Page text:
Hair covers most of the human body in different lengths, textures and thickness. Hair serves a number of features in humans, including insulation, protection, friction buffer and redirection of water and sweat from the body.
The primary function of human hair is to insulate the human body. Hair does this in two ways: it serves as a physical barrier between external cold air and the skin, and it also traps warm air in between the skin and the hair, keeping the body warmer.
Protection from External Factors
Hair protects skin from external factors, such as sun damage and chapped skin from wind damage. It also blocks dust and dirt from settling on the skin.
Hair serves as a buffer against friction. This is one of the reasons that hair is present on the legs, genitals and underarms. It also soaks up sweat for easier evaporation so that the sweat isn't stuck to the body during physical activity, which can cause chapping and blistering.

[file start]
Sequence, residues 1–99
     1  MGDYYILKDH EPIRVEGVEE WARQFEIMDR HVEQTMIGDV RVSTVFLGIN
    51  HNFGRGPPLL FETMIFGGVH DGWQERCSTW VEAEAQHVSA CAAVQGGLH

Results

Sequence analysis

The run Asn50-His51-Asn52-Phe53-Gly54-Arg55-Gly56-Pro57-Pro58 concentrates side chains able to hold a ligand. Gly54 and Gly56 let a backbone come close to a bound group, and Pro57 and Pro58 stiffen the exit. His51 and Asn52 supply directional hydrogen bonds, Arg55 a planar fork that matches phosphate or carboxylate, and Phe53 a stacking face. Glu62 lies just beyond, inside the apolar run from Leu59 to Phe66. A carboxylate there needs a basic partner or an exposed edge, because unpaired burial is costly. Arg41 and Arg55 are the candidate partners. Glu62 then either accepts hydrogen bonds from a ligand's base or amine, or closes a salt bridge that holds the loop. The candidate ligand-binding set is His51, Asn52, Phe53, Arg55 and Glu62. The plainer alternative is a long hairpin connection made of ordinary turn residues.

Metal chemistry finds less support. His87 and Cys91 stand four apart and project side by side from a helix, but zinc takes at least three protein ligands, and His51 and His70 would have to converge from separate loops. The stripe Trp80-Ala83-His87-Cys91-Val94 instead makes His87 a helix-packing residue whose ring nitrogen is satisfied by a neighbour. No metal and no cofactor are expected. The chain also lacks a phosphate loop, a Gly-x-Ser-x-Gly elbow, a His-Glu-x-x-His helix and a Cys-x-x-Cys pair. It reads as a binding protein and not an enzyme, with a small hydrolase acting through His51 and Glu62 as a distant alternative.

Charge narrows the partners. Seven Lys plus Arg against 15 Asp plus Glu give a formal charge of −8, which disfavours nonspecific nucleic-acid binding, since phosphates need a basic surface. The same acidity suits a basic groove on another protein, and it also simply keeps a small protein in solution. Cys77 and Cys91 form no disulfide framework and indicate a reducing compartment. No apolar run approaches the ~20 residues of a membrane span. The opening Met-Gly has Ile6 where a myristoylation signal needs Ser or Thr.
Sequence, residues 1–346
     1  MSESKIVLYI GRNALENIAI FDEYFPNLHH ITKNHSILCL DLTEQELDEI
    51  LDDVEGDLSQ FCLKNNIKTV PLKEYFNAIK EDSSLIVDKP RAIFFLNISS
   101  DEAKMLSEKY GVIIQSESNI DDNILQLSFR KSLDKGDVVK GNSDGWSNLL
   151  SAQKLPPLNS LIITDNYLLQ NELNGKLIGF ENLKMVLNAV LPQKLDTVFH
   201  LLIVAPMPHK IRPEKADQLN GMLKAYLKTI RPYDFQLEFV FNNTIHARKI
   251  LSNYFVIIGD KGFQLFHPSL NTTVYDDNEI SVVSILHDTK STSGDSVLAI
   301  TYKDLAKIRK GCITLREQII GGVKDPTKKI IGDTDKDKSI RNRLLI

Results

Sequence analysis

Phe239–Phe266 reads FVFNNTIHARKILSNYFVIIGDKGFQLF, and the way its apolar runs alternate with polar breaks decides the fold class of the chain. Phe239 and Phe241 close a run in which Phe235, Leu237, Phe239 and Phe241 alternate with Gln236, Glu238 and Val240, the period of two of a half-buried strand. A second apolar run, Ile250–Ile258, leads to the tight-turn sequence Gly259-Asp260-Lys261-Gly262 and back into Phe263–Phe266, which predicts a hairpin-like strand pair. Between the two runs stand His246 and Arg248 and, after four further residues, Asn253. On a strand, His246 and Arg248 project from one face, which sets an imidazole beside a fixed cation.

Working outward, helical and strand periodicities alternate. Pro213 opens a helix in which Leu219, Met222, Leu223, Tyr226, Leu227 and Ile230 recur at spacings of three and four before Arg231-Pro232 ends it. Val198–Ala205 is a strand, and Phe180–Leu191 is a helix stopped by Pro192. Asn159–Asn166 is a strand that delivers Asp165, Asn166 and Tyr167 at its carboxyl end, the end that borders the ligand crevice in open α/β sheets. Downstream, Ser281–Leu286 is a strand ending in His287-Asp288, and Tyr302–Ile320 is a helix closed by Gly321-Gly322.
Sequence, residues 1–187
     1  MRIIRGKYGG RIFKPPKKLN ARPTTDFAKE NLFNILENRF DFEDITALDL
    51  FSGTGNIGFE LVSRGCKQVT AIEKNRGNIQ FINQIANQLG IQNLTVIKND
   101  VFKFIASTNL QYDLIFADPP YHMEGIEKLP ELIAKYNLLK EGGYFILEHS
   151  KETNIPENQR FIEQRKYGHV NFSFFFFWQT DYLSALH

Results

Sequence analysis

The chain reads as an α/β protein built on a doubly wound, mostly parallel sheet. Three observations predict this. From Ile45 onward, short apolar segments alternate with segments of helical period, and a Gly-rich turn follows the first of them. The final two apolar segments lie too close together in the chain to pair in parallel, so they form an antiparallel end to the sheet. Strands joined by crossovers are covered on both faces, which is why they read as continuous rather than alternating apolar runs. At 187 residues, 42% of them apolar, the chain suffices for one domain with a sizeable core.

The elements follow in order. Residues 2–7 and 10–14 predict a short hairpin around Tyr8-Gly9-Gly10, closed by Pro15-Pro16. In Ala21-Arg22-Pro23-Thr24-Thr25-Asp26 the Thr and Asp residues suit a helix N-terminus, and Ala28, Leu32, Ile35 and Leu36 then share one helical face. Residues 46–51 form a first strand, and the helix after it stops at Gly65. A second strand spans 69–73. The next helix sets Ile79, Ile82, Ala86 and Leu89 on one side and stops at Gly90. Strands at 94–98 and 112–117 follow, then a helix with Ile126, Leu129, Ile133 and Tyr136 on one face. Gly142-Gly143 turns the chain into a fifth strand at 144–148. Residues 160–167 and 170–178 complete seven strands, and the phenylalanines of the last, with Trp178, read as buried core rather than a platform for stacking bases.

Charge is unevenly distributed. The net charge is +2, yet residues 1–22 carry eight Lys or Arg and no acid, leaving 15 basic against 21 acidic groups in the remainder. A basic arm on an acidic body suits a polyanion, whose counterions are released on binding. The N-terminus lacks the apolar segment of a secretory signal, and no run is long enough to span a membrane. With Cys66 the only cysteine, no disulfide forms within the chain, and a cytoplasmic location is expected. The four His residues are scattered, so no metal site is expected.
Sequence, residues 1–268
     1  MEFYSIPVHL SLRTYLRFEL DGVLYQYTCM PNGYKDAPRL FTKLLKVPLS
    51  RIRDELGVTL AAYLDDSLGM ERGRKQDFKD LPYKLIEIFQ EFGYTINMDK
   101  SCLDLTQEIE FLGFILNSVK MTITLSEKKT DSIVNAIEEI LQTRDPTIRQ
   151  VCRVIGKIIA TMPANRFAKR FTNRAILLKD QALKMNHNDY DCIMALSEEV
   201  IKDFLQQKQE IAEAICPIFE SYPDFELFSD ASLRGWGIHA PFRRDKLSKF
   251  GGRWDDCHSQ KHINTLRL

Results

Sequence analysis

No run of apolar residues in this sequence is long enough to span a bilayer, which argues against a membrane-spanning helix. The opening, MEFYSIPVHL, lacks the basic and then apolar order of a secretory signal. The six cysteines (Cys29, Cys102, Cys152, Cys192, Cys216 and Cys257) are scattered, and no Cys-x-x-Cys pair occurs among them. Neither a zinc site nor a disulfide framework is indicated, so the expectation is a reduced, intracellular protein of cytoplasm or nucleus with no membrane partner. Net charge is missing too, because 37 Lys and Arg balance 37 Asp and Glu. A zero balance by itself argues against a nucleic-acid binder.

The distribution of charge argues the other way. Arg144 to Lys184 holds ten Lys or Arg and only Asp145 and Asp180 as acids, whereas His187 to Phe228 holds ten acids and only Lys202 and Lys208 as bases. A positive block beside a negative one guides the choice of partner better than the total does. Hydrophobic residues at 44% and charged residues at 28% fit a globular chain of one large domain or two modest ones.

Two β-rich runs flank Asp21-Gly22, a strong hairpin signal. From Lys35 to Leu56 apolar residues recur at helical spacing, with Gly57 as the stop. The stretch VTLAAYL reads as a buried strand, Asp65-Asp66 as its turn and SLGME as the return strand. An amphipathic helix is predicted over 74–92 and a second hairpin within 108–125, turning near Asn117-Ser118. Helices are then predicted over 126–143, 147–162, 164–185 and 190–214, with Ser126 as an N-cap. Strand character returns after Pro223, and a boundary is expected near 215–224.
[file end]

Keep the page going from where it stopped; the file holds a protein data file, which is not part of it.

Differentiation and Beautification
Hair is widely used in all mammals for differentiation and beautification. Male lions have manes, deer have decorative spots and many birds have coloring to distinguish males from females. Humans have hair for the same purpose, which is why men grow facial hair and women do not. Hair is also considered to add beauty, which is why women often have elaborate hairstyles and why men go to great lengths to battle baldness.
Redirect Sweat and Water
Hair also soaks up sweat from the skin so that it won't cause irritation from friction and it also redirects sweat so that certain parts of the body can dry faster and stay protected. Hair in the armpits pulls sweat from the armpits to cool the area and eyebrows redirect sweat from the forehead away form the eyes.
Chelsea Day started writing professionally in 2005 and has been featured in publications such as "Beverly Hills 90210" and "The Travel Magazine." She holds a Bachelor of Arts in political science from University of California, Los Angeles and runs the popular lifestyle blog Someday I'll Learn.